As we detailed in our January 2018 tax alert, the Tax Cuts and Jobs Act (TCJA or the Act) modified the use of net operating losses for most taxpayers. The Act also imposes limitations on noncorporate business losses, somewhat similar to the passive loss rules enacted in 1986. While these new rules are in effect beginning in 2018, there are multiple implementation questions for which further guidance is pending. We will briefly summarize the new rules then highlight some planning ideas.
Net operating losses
Net operating losses (NOLs) arising in tax years beginning after Dec. 31, 2017, can only offset 80 percent of taxable income (without regard to the new section 199A deduction). NOL carrybacks are no longer permitted, meaning future losses cannot be monetized by filing refund claims. While carrybacks are not allowed going forward, there is now an unlimited carryover. Fiscal-year taxpayers with NOLs arising in tax years beginning before Dec. 31, 2017, and ending after Dec. 31, 2017, are not subject to the 80 percent limitation but are not eligible for a carryback either. Since carryforwards may only offset 80 percent of taxable income, corporations will effectively pay a 4.2 percent tax rate in a profitable tax year. Historic limitations remain on acquired NOLs as well as when ownership changes in loss corporations take place.
Noncorporate business losses
For the first time, business losses of noncorporate taxpayers are limited. Individuals are no longer allowed to reduce nonbusiness income (such as interest, dividends and capital gains) with business losses beyond a threshold in tax years between 2018 and 2025. Up to $500,000 (on a married filing joint return) of losses can offset a taxpayer’s other sources of income. Nondeductible or surplus amounts are referred to as excess business losses and can be carried forward indefinitely. These excess business losses basically become NOL carryforwards and are subject to the 80 percent limit referred to above. This business loss imitation is applied at the individual partner or shareholder level and are applied after passive loss rules.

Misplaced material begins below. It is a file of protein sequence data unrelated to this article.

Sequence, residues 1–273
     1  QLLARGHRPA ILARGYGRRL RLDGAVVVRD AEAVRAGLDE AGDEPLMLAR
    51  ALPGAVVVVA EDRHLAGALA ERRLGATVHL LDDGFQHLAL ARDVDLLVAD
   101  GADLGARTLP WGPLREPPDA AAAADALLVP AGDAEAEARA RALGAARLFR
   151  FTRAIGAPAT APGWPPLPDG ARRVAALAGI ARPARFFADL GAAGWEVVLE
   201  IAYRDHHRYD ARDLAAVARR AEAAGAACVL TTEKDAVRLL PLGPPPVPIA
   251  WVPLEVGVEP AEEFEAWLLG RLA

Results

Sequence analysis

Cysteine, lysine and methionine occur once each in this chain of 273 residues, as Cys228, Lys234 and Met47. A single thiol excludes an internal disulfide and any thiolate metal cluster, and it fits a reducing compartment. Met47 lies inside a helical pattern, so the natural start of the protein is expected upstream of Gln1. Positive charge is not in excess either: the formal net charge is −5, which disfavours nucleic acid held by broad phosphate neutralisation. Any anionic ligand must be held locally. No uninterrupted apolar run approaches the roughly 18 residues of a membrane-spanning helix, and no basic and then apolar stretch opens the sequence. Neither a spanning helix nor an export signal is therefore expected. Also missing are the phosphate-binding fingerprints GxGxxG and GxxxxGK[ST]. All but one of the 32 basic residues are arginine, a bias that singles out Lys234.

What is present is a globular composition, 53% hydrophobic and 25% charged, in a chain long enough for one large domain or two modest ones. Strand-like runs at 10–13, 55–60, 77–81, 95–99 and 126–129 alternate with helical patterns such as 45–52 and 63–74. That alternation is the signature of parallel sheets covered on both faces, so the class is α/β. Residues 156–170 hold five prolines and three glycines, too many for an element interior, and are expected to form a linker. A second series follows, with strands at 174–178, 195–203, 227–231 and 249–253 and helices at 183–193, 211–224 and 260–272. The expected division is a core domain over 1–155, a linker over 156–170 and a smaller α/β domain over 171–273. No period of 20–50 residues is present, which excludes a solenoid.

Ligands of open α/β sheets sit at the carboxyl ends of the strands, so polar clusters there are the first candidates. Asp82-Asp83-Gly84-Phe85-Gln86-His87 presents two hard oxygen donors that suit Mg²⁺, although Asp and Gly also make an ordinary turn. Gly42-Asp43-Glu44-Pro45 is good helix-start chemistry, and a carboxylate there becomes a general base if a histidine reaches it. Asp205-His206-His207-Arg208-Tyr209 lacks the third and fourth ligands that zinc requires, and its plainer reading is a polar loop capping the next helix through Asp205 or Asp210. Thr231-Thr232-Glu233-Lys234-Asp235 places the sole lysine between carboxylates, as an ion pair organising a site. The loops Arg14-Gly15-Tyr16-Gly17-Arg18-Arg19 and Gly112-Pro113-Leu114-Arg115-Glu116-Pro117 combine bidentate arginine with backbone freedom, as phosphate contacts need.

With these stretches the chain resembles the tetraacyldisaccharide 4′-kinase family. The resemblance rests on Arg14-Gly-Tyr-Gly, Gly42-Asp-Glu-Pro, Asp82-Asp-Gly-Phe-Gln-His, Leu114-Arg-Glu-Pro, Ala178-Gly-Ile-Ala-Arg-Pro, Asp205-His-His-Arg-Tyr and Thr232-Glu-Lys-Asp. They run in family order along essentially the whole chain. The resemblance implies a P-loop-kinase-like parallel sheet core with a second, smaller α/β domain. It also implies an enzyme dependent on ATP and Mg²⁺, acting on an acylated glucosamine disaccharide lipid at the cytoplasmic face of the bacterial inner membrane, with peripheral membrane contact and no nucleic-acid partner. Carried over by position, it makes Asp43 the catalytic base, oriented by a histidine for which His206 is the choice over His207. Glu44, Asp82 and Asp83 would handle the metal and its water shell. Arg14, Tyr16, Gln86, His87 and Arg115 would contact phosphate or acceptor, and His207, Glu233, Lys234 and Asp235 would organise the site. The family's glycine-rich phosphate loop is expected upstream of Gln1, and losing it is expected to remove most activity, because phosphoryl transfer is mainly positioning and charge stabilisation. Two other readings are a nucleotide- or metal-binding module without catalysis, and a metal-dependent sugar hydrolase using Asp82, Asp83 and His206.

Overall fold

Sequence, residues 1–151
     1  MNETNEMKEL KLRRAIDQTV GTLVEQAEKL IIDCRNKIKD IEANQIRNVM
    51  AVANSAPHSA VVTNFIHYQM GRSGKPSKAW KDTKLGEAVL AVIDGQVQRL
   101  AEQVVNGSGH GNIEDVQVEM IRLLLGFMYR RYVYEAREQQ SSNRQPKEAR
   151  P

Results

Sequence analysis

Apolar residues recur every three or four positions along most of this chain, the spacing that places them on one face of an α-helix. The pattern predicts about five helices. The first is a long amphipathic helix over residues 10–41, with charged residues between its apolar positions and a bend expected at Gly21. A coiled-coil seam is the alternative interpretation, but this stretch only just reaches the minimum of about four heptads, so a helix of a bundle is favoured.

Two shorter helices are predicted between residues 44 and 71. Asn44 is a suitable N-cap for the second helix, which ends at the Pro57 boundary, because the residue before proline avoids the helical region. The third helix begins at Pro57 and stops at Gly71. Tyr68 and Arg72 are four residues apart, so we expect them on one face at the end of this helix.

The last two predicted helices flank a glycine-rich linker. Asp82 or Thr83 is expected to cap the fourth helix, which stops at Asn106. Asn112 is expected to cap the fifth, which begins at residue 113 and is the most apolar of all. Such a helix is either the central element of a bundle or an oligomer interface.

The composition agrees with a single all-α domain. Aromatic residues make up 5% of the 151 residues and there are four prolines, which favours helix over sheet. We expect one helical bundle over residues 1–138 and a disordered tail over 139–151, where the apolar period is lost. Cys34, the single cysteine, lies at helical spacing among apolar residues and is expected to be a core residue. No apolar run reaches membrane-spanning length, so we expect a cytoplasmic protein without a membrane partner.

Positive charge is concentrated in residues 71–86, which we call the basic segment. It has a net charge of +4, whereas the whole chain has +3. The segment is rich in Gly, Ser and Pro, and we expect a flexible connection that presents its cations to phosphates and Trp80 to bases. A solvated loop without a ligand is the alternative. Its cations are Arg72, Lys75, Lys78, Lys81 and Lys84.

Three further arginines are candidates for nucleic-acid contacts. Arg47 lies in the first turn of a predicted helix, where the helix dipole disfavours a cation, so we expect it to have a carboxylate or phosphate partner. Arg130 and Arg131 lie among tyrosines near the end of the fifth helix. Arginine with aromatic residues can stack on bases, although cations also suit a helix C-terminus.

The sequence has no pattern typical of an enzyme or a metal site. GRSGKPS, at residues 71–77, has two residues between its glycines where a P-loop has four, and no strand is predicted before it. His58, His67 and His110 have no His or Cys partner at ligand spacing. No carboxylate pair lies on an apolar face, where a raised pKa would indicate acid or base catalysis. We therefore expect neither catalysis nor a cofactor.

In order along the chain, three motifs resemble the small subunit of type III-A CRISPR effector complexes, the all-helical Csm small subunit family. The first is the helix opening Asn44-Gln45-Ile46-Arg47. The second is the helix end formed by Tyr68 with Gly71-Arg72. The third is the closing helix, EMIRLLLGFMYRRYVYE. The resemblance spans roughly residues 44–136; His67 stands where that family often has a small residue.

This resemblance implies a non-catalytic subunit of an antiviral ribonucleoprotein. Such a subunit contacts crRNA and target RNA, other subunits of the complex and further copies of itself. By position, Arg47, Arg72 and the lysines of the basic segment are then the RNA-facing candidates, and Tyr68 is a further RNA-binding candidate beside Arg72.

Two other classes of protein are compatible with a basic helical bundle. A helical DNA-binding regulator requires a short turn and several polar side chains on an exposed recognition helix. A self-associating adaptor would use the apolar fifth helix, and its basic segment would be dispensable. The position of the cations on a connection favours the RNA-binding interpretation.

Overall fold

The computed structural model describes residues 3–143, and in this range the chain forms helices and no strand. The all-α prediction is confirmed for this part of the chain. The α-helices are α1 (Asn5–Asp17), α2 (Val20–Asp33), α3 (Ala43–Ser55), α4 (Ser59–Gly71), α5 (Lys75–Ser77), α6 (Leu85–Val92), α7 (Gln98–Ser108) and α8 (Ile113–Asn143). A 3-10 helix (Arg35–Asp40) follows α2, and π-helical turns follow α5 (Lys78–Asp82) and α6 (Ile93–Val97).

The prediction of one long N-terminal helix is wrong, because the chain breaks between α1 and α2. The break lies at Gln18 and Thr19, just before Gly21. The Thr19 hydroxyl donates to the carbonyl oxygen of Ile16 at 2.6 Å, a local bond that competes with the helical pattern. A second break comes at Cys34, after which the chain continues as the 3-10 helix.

While Treasury has been busy issuing guidance on a multitude of TCJA-related changes (including the section 199A pass-through deduction, section 179 and bonus rules, and international changes), we are still awaiting input on these loss rules. In the meantime, we offer the following tips when assessing how these new rules affect your business activity.
- Consider carefully when to use bonus depreciation and section 179 expensing. Since NOLs are now limited in their carryforward amount, it may be prudent to preserve depreciation deductions for future years.
- The new 80 percent limitation on carryforwards on top of the historic loss limitations may make the acquisition of NOL companies less valuable. Acquisition pricing may need reassessing in certain deals. You should also keep in mind that historic rules that can also limit the use of “purchased” NOLs remain unchanged by the TCJA.
- As individual taxpayers are now limited in how much nonbusiness income can be sheltered with business losses, careful planning should take place between now and year-end to project the amount of any 2018 tax liability.
- While the passive loss limitations apply before the excess business loss rules, it remains unclear whether passive activity income and losses are included in the determination of the excess business loss.
- Taxpayers generating business losses via multiple pass-through entities may have to apportion or allocate a piece of each entity’s loss up to the threshold. Guidance is needed in order to determine how these amounts should be allocated and tracked.
- If spouses have separate trades or business reported on a joint return, the presumption is the excess business loss limitation applies to the combined income and deductions from all of the trades or businesses.
The information provided here is of a general nature and is not intended to address the specific circumstances of any individual or entity. In specific circumstances, the services of a professional should be sought. Tax information, if any, contained in this communication was not intended or written to be used by any person for the purpose of avoiding penalties, nor should such information be construed as an opinion upon which any person may rely. The intended recipients of this communication and any attachments are not subject to any limitation on the disclosure of the tax treatment or tax structure of any transaction or matter that is the subject of this communication and any attachments.